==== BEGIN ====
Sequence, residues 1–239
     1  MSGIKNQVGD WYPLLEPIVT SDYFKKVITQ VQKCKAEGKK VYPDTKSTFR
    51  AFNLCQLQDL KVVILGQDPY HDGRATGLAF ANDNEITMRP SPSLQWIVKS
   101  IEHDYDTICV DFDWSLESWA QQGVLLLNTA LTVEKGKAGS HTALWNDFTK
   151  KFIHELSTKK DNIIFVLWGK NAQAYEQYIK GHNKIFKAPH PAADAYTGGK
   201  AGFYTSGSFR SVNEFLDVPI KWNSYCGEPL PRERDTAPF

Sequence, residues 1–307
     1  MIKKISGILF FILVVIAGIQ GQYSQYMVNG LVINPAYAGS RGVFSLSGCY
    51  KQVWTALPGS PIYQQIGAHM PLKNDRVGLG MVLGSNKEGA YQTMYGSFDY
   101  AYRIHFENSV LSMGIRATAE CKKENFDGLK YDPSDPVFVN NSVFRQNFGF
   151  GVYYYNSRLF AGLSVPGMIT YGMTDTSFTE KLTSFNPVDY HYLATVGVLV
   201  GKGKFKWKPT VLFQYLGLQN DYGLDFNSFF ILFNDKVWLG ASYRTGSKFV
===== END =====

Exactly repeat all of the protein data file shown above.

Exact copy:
Sequence, residues 1–239
     1  MSGIKNQVGD WYPLLEPIVT SDYFKKVITQ VQKCKAEGKK VYPDTKSTFR
    51  AFNLCQLQDL KVVILGQDPY HDGRATGLAF ANDNEITMRP SPSLQWIVKS
   101  IEHDYDTICV DFDWSLESWA QQGVLLLNTA LTVEKGKAGS HTALWNDFTK
   151  KFIHELSTKK DNIIFVLWGK NAQAYEQYIK GHNKIFKAPH PAADAYTGGK
   201  AGFYTSGSFR SVNEFLDVPI KWNSYCGEPL PRERDTAPF

Sequence, residues 1–307
     1  MIKKISGILF FILVVIAGIQ GQYSQYMVNG LVINPAYAGS RGVFSLSGCY
    51  KQVWTALPGS PIYQQIGAHM PLKNDRVGLG MVLGSNKEGA YQTMYGSFDY
   101  AYRIHFENSV LSMGIRATAE CKKENFDGLK YDPSDPVFVN NSVFRQNFGF
   151  GVYYYNSRLF AGLSVPGMIT YGMTDTSFTE KLTSFNPVDY HYLATVGVLV
   201  GKGKFKWKPT VLFQYLGLQN DYGLDFNSFF ILFNDKVWLG ASYRTGSKFV